What is the Jane Goodall Roots & Shoots Resource Box for Schools Program?
The Roots & Shoots Resource Box for Schools aims to:
- Engage and enthuse students, teachers and the wider community about actions to make the world a better place for animals, people and the environment.
- Foster respect and compassion for all living things.
- Encourage students’ direct interaction with nature.
- Inspire young people to create solutions and take action to improve our world.
- Is an action-based school participation program that provides opportunities for students, teachers, parents and communities to participate in a range of initiatives that make the world a better place for animals, people and the environment.
- Combines latest science with sustainability education to support an understanding, respect and compassion for all living things.
- Increase science-related knowledge about how nature engagement in schools can improve the lives of children as vehicle for positive change.
- Allows schools to achieve curriculum outcomes in Technology, Science, English, Humanities and Social Sciences (HASS), Sustainability and Active Citizenship as delivered in the Australian Curriculum, in the NSW NESA Syllabus, and the Victorian, Western Australian and Queensland curriculum.
- Assist school communities with resources, strategies and networks to develop their programs and projects.
- Enables schools to promote sustainability practices and develop a connection with nature.
- Connects students with other Roots & Shoots members around the world; working together for a sustainable future.
- Foster new optimism about our future, our planet and what we can do to help solve problems facing animals, people and the environment.
Schools will be able to achieve a range of the objectives of the program by using the resources available.
Students will design and create projects with the ultimate goal of taking action for a better world for animals, people and the environment.
Projects are designed to:
- Allow students to discover a wide range of creative solutions to real-world problems.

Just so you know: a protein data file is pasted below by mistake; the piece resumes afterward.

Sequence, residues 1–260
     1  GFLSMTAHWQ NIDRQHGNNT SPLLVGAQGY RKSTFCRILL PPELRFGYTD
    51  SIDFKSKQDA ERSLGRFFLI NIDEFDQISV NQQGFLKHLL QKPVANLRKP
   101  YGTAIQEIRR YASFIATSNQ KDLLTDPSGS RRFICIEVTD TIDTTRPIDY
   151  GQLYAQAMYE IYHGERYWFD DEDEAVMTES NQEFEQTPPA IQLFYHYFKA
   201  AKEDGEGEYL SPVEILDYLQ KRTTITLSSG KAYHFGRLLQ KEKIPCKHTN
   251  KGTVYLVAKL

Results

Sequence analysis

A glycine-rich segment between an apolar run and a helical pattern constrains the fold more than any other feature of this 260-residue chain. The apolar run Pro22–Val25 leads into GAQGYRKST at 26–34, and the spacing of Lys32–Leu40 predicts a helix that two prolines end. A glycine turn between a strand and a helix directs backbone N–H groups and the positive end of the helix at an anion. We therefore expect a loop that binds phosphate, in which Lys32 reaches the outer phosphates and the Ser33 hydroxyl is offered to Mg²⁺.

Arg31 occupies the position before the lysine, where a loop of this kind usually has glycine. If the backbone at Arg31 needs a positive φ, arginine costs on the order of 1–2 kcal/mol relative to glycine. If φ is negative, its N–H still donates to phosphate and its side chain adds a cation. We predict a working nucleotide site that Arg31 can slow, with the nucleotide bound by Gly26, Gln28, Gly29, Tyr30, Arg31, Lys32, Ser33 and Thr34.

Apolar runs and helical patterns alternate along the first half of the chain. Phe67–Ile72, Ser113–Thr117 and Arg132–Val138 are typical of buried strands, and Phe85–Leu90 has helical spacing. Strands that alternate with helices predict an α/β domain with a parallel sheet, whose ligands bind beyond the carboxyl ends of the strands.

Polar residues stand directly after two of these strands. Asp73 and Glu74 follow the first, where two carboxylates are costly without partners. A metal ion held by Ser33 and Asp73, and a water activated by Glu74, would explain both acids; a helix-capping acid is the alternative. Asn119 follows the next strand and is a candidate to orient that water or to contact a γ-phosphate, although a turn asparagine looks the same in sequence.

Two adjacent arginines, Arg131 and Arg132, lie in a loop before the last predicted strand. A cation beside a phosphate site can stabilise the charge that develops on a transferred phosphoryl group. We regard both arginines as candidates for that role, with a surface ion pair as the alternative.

- Design, deliver and debrief real-world solutions; for wildlife, the natural environment, challenges to the environment, and sustainable practice.
Students develop a knowledge, understandings and experience about:
- What nature is, what it is made of and how it works.
- The impact of people on the atmosphere and environment.
- The role of science, the community, politics and market forces in environmental decision-making.
- The responsibility as consumers and citizens to conserve and manage resources in ways that are fair to both present and future generations.
- The principles of ecological sustainability.
- Actions we can take to restore nature.
Students develop skills in:
- Identifying and assessing environmental problems.
- Communicating scientific and environmental messages to others.
- Resolving scientific and environmental issues.
- Adopting behaviours and practices that make the world a better place for animals, people and the environment.
- Evaluating the success of their actions.
Learning opportunities outside the classroom
What is learned inside the classroom needs to be reinforced and supported by what happens outside the classroom. Schools can initiate opportunities for action outside of the classroom including:
- Using special environmental events, days, celebrations and projects to complement learning in the curriculum about climate change and sustainability.
- Involving students in investigating, maintaining, revegetating and enhancing the school grounds and local environment.
- Working collaboratively with outreach programs such as Landcare, Our Patch, Urban Forest Biodiversity Program, Greening Australia, GreenFleet, Australian Conservation Trust for Volunteers, Waterwatch, Coastcare and Seagrass Watch into school programs.
- Including over 100 suggested activities, experiments and investigations in the Local Safari Book.
Schools are encouraged to:
We hope the Roots & Shoots School Resource Box encourages your school to promote biodiversity in schools and communities through projects such as;
- Raising funds through WOODiWILD and becoming a tree grower.
- Planting school gardens or nature corridors with endemic native plants.
- Getting involved in a bushcare project, plant a corridor, start a revegetation project or conserve a threatened species.
- Revegetating streams and creeks that flow though local areas.
- Constructing local wetlands.
- Adopting a patch of the catchment revegetating it and maintaining it in a healthy condition.
- Planting bush tucker gardens that can be integrated with Indigenous cultural awareness.
- Establishing bonds and bog gardens for frog and tadpole habitats.
- Developing butterfly friendly gardens with host plants for caterpillars.
- Establishing Bee Hotels and gardens.
- Planning habitat gardens with rocks and logs in sunny spots to attract lizards.
- Establishing storm water creek lines planted with sedges to clean storm-water runoff.
- Designing sitting circles with logs or boulders for outdoor learning activities.
- Establishing quiet places for students to sit and contemplate.
- Initiating bush trails with signage developed by students to help users identify species.
- Developing ephemeral wetlands.
- Planting grasslands with flowering meadow style native plants.
- Planting woodlands with under-storey.
The management of school grounds and surrounding areas can also be linked to other community projects, such as Landcare, NRM, Greening Australia and Conservation Volunteers Australia (CVA) projects.
Schools can work cooperatively with Local Councils and Catchment Management Authorities to restore degraded areas and plan for the future sequestration of carbon by the planting of new forests.